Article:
by Joy Lenton
It’s Good Friday. A day unlike any other, as the universe holds its breath. A day filled with sombreness and suspense. And a day when history became reshaped by Christ, His life, witness and death—and rising again to newness of life for us.
A grisly cross miraculously became the greatest ever revelation of divine love. The harrowing death which Jesus undertook on our behalf completely restored our broken relationship with Father God, thus making us His adopted children by our faith in Christ.
In his Rule, St. Benedict tells the monks to “Keep death daily before your eyes.” This invites us into remembrance of our own mortality so we might learn to live with a heightened awareness and deeper gratitude for the wonder, preciousness and brevity of the gift of life itself.
Today, of all days, perhaps, let us not forget, brush aside or hurry past the agony Christ endured. Let us linger and look. Let us try to put ourselves in the place of a spectator to the crucifixion of Christ and ponder these things in our hearts.
It will be hard. It was a brutal act. But maybe, just maybe, revisiting the scene will fill us with awe and gratitude for this hugely symbolic, holy and wholly sacrificial act. And cause us to marvel anew at all that Jesus went through for the love of you and me.
The Cross is the ultimate evidence that there is no length the love of God will refuse to go in effecting reconciliation.” — R. Kent Hughes
This is no tickle on the timber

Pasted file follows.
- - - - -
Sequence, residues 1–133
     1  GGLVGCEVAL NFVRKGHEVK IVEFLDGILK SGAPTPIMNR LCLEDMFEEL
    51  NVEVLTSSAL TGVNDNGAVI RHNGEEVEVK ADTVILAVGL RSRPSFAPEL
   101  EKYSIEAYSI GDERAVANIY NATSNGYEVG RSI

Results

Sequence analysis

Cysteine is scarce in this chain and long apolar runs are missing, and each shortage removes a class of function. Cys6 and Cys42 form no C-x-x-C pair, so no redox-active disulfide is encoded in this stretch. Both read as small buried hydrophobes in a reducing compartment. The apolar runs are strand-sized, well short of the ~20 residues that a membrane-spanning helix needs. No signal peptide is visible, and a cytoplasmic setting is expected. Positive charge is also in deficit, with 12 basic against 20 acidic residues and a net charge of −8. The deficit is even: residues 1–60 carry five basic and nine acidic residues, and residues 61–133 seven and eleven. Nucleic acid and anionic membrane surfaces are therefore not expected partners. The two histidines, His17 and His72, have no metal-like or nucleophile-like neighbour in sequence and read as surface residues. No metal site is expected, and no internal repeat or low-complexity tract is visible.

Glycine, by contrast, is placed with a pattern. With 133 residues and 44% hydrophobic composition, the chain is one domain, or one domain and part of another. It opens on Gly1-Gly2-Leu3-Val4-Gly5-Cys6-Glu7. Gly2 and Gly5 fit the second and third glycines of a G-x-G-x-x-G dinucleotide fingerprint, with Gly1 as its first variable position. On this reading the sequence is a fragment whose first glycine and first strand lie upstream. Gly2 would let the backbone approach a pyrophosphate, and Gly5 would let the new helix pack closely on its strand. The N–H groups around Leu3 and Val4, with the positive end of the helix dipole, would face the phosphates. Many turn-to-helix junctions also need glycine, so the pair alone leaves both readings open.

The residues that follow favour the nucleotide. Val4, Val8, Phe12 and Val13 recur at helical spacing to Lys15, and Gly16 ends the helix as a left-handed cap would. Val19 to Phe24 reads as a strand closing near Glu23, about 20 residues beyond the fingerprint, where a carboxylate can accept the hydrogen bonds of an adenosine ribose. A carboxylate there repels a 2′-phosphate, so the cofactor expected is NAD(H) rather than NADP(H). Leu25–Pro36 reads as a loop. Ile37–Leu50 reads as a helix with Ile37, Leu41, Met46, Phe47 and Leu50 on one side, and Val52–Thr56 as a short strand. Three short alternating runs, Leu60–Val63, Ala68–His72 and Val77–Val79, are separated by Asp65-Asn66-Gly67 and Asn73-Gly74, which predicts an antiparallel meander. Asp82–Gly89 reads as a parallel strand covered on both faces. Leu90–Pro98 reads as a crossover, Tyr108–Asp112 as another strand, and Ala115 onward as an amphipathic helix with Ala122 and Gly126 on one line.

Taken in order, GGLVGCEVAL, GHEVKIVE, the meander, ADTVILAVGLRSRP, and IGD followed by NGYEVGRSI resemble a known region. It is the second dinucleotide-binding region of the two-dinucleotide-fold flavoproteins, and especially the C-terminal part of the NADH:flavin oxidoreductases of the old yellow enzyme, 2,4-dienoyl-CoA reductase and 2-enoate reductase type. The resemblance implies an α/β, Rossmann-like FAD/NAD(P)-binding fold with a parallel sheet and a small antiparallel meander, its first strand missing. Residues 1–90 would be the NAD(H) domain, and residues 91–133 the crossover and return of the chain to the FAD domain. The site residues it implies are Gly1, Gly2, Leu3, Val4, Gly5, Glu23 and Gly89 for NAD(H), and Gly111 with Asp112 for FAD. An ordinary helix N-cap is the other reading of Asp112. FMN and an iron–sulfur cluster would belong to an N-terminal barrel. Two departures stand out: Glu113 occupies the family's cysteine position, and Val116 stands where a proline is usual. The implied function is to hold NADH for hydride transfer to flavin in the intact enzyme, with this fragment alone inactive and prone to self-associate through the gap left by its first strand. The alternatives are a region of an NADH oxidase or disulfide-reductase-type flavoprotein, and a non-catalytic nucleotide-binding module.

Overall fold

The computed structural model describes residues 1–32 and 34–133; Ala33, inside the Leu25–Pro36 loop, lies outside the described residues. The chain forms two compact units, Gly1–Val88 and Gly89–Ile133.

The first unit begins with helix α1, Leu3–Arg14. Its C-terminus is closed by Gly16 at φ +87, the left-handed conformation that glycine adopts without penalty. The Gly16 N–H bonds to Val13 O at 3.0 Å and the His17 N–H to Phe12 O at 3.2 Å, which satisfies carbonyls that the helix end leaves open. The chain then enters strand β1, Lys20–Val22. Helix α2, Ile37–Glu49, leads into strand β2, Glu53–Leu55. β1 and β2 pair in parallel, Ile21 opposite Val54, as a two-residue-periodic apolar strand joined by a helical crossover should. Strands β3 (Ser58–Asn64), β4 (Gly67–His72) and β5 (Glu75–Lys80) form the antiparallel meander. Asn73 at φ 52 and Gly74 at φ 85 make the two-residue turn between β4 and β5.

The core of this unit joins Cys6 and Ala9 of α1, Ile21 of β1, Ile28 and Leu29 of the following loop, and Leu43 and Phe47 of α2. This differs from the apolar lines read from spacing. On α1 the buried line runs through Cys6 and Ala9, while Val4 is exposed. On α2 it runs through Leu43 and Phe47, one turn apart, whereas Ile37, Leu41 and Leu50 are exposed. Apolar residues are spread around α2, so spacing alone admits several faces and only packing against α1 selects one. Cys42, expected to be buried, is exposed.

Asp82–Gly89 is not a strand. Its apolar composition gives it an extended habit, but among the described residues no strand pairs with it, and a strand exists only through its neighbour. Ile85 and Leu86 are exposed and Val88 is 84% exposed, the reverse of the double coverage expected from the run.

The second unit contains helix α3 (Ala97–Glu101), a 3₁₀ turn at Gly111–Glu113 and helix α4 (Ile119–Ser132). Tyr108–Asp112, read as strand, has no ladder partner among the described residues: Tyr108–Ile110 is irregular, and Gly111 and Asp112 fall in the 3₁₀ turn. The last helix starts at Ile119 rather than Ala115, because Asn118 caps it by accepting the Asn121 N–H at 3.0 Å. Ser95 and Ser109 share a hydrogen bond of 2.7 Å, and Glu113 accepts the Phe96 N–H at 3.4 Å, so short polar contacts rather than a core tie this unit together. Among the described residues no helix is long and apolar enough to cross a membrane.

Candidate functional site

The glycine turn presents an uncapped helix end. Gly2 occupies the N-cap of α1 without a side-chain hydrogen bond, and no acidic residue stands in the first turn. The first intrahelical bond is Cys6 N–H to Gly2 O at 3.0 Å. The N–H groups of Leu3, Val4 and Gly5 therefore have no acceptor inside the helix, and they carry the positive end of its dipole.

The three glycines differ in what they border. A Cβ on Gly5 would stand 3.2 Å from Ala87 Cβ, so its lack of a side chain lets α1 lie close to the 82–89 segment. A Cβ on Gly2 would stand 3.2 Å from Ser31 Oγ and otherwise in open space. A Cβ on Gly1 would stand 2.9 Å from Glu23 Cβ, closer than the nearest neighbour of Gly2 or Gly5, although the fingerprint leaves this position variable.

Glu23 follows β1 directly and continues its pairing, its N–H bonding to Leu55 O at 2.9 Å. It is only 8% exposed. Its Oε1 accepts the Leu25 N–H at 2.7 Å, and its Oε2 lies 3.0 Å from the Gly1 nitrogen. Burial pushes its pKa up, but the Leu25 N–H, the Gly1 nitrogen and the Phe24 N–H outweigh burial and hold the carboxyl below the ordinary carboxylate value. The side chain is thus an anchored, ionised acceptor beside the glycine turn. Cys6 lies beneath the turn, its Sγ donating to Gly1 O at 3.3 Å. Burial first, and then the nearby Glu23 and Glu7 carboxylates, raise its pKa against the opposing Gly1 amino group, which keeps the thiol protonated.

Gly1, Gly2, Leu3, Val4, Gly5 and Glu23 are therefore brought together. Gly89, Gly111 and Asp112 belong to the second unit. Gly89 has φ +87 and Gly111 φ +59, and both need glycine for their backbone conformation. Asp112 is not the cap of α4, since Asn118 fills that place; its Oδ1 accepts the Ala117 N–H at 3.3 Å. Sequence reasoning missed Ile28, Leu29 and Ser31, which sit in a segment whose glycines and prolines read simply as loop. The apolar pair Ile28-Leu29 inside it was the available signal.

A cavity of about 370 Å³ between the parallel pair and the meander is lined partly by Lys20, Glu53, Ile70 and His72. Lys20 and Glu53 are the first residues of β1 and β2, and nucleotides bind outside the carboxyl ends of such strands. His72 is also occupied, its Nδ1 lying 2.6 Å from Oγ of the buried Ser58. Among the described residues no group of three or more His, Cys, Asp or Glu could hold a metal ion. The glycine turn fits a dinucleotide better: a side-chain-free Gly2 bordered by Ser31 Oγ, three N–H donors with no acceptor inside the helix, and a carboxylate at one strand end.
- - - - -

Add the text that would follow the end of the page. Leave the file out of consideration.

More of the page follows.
but a brutal nailing, a pounding
piercing of tender flesh,
with tendons tautly stretched
to their limit, but no breaking
of his bones takes place.
This is no cheap public sideshow
to fill in a gap before you need
to get home again, but a tense
execution wrought in writhing
agony and pain, with blood flowing
freely like red rivulets of rain.
This is no private spectacle
but an eternal moment etched
in our history, a time when time
itself stands still, and heaven weeps,
while Jesus willingly surrenders
to his Father’s glorious will.
This is not a macabre moment
to be shuddered at and forgotten
about, but one to linger over,
as we seek to understand and glean
the truth of its necessity for you
and me—and how it sets us free.
Only in the Cross of Christ will we receive power when we are powerless. We will find strength when we are weak. We will experience hope when our situation is hopeless. Only in the Cross is there peace for our troubled hearts.” — Michael Youssef